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I continued my personal exploration with olive trees with a second painting dealing with the wrinkly, knotty, and aged quality of olive trees. I learned things from my first painting that I applied to this one. I chose a different, more static composition and I included more surrounding landscape.

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We also did a ‘white painting’ using a limited palette of white, burnt sienna, and ultramarine blue. I really enjoyed working with such a limited palette. I find it easier to be creative when there are stricter constraints to work within. We pushed our palette as far as we could to create a variety of hues, tones, and temperatures. It was a good exercise to focus on the art of subtlety. Working with whites was a peaceful process and I like the feeling of my finished piece so I would like to do more work with a limited palette in the future.

Now that the beautiful summer weather has arrived on Paros, we went outside to paint on-scene at the bay port. I did a 2-hour study of some boats and it was a good exercise in synthesizing a large amount of information and detail. I used a limited palette similar to my white painting: only white, blue, and burnt sienna. Painting outside has its challenges. The light changes, the subjects are often in movement, and the weather conditions can be tough to work in (it was a sweltering hot day when we painted.) I learned to work with my immediate surroundings and should continue to do these quick nature studies.

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I finally painted a self-portrait, which has been somewhat of a dread of mine. Jane has taught me the importance of choosing a ‘system’ and working within the parameters of that system to paint. This helped my tackle the portrait because it involves picking a method to break a painting down into manageable steps. I was getting overwhelmed with the many subtle colors and tones in the face but I worked in a series of layers that built up the form gradually. I began using the Velazquez method I have become so accustomed to: drawing with paint and adding in the dark tones then heightening with white. Then I went in with many layers of red and blue glazes. With just these two colors I was able to get many hues and tones. In places the blue and red mixed to make purple and because my imprimatura was a yellowish orange, I created a green tone when I put blue glaze on top. I found that using these layers interspersed with whites allowed me to get so many colors, temperatures, and tones without having to mix each shade of paint separately.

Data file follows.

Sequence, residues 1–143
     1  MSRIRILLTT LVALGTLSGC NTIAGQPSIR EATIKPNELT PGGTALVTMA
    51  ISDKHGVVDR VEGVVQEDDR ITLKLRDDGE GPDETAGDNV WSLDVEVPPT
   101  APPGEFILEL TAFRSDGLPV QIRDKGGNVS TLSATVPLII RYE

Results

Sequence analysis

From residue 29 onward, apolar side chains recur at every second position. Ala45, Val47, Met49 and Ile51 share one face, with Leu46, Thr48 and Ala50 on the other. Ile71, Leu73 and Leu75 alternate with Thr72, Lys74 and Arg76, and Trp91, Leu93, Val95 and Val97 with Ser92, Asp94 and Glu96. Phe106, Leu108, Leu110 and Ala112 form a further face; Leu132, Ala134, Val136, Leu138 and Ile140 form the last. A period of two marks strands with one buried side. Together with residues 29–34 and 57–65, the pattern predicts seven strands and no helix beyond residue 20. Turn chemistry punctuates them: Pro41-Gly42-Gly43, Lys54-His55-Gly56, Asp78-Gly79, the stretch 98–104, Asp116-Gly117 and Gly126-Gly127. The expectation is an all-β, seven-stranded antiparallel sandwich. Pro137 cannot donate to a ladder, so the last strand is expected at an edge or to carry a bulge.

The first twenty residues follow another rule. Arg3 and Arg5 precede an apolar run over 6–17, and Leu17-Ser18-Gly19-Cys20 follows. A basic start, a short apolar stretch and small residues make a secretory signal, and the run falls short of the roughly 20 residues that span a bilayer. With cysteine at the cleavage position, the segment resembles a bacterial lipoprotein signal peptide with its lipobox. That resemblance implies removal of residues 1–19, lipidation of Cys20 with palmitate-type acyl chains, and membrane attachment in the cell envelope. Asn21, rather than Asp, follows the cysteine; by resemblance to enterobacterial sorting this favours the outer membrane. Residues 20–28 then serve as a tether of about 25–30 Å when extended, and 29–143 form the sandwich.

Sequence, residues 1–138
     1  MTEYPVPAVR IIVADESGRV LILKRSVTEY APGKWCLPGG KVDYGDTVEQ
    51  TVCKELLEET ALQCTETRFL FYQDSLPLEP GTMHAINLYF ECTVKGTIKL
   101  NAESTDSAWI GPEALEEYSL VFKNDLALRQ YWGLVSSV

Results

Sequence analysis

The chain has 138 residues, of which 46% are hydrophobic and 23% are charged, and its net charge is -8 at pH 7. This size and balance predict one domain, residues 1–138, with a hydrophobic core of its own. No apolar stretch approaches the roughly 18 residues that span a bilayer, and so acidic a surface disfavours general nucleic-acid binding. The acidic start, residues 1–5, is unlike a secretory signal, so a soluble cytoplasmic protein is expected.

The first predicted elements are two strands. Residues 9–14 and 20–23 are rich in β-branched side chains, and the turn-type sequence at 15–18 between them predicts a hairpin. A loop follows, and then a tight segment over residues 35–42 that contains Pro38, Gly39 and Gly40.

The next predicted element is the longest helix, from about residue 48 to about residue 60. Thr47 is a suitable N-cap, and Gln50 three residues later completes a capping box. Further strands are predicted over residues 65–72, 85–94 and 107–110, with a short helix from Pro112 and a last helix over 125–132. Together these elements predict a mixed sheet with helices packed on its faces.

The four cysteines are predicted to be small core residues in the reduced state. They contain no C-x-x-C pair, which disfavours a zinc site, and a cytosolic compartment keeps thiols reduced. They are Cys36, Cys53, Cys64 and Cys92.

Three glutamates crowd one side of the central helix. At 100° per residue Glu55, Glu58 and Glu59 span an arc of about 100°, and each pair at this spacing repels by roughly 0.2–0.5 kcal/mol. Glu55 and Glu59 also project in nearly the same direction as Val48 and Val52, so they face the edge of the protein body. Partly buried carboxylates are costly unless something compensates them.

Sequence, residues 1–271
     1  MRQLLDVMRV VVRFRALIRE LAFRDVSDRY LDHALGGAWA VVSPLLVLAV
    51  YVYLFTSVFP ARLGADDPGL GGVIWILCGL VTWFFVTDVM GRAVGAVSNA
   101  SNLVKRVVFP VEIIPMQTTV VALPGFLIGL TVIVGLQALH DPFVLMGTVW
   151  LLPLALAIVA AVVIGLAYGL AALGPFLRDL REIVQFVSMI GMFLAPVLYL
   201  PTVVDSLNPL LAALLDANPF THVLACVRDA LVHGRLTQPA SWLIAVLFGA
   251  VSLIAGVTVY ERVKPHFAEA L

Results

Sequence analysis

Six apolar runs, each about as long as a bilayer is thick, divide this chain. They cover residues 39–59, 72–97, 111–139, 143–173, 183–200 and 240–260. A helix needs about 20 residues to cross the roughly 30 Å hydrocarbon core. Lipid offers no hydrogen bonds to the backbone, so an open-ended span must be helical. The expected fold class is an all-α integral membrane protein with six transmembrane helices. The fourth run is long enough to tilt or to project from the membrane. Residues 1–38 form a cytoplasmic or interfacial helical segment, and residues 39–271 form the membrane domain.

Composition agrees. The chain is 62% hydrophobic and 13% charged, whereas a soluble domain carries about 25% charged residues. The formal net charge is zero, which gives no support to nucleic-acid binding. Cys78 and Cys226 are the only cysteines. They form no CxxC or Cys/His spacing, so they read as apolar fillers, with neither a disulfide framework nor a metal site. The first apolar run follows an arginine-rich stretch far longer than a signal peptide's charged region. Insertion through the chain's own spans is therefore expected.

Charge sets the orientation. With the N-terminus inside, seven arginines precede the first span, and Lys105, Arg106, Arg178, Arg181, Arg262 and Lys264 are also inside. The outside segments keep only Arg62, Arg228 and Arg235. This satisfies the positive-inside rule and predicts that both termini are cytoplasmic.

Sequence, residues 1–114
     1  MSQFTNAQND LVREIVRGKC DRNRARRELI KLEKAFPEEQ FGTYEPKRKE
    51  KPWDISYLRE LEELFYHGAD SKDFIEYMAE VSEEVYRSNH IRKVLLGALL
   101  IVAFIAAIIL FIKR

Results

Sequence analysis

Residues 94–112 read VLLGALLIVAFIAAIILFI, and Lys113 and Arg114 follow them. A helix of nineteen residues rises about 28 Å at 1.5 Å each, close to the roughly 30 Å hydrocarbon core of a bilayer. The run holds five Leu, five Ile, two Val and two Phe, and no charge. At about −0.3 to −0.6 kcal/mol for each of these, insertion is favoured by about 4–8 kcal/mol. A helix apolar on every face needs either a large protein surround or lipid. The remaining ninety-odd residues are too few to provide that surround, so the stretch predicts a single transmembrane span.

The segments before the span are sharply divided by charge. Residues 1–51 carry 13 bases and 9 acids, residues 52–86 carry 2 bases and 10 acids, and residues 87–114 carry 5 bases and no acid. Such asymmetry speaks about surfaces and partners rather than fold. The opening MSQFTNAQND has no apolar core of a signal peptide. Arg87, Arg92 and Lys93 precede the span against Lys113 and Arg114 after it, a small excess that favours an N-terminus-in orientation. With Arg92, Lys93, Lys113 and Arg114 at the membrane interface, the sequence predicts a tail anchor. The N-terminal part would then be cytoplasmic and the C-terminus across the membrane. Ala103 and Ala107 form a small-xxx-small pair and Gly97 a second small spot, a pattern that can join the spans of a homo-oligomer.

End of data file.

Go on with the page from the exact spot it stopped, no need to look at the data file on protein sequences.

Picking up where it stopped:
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6B selfportrait detail

During our week-long semester break, I traveled to Santorini and Crete with a few other students. While in Crete, I was inspired by the geometry of the fields we drove through and the overwhelming variety of green. I was interested in how orderly and systematic they appeared, with the cast shadows of each individual tree forming a pattern across the landscape. In an ‘ode to putty’ I painted a tactile painting. How often do you see a painting labeled “please touch”? Not so much, so I decided to have some fun with layers and make a painting for the eyes and the fingers.

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As a final painting of the semester I decided to do one last olive tree. After working on a large canvas for Las Meninas I wanted to do another big painting (70 x 100 cm). I went with a few other students to look at the olive trees that we pass on our way to Lefkes for hikes. I have always wanted to go up close and look at them and I am so glad I finally did it before leaving Paros! For me, these trees are incredible symbols of Paros. They have so much character strength; some have been alive for a thousand years. I feel that this painting is a good culmination of my year with the Aegean Center. Half is alive, half is dead. There is new growth and hope, yet there remains the dead wood of many years past.

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8B olivetree3 detail small

My time studying at The Aegean Center has come to a close but I am excited to take with me all that I have learned to share with others and apply to my own work. The memories of the Aegean Center, and the sand, salt, and olive trees of Paros will be with me forever.

The Church of 100 Doors

25, May 2009 § Leave a comment

Paros Church 1

Photography student Alice Houston recently captured the morning light that has visited the Church of a Hundred Doors since the fourth century AD.

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Paros Church 3

Paros Church 8